A few years ago, I was researching a novel loosely based on the exploits of a former prosecutor who had become a brothel manager and a contractor of paid killers. I asked an investigator who was working on his case how someone could have changed so much, going from Point A to Point Z on the moral spectrum. He looked at me like I was an idiot.
“He didn’t change,” the investigator sneered. “He was always a scumbag. He went from point A to point A on the map. It just took a while for everyone else to catch on.”
Sometimes, I wonder if this is also true of Rudolph Giuliani, just last week indicted with Donald Trump and 17 other associates for racketeering and fraud charges in Georgia. Not long ago, I ventured that there was a tragic dimension to the story of “America’s Mayor.” Unlike his erstwhile “friend” and former client Trump, Giuliani, aka “Rudy,” aka “The Rude Man” has at least gestured toward decency at some points in his career. Young people may find it hard to believe, but there was a time when Giuliani was praised by even the likes of Al Sharpton for the empathetic way he spoke in the aftermath of 9/11.
A lot of people jumped down my throat, including some who worked for Giuliani directly. They pointed out that he’d crippled the city’s response to the Twin Towers by putting an emergency command center at Seven World Trade Center – near the site of a previous bombing. They held him accountable for the tragic health consequences suffered by thousands who had been denied fair warning and protective gear against the befouled air. And they talked about his long ugly history of personal vindictiveness as mayor and before that as a federal prosecutor.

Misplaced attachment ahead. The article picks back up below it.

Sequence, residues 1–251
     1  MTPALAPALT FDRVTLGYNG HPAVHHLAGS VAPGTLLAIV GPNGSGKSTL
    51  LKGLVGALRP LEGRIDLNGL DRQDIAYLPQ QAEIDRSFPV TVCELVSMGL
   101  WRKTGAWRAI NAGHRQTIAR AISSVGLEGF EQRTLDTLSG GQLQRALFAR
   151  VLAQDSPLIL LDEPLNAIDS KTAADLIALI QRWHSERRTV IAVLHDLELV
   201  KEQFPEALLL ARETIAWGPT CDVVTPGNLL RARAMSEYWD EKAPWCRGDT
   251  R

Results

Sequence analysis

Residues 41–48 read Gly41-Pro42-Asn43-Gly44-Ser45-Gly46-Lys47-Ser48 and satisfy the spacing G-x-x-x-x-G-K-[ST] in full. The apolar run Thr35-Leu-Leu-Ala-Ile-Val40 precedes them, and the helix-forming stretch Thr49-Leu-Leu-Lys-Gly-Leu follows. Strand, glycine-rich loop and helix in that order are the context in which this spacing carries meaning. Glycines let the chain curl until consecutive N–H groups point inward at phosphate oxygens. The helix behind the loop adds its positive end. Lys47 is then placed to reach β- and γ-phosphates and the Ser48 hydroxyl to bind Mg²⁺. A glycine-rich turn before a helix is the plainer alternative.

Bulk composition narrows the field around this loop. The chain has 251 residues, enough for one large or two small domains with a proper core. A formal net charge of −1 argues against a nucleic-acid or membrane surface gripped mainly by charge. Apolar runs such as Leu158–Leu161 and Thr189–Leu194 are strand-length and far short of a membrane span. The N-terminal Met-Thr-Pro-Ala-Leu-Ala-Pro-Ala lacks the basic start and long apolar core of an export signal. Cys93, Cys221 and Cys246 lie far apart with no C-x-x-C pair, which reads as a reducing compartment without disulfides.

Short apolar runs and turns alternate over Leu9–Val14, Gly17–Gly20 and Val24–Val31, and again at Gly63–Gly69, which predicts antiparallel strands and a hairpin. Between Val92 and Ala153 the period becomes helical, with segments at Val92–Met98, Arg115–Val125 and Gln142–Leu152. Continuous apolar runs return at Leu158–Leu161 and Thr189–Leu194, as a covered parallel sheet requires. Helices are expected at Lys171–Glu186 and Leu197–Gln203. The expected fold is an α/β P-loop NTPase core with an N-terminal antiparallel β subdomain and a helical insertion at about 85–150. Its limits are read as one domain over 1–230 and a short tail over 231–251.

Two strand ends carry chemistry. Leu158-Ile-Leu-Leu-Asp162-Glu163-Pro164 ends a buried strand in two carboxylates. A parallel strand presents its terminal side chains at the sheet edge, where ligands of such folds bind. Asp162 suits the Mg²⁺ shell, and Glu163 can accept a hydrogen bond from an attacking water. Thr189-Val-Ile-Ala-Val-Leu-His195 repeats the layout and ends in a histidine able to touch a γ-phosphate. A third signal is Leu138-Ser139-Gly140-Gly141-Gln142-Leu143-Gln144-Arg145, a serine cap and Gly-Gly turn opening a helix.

Maybe they’re right. Maybe Giuliani always was a heel. Maybe it’s only a desire to turn everything into a story that makes me believe there could have been a better ending for him.
You could argue that crime was always in his DNA. A decade before he was born, his father Harold spent a year and a half in Sing Sing for robbing a milkman at gunpoint. There were allegations, unproven, that Harold was a mob enforcer. His son Rudy, born in 1944, considered a vocation as a priest before getting involved in law and politics, volunteering for Robert F. Kennedy’s presidential campaign and voting for McGovern in 1972.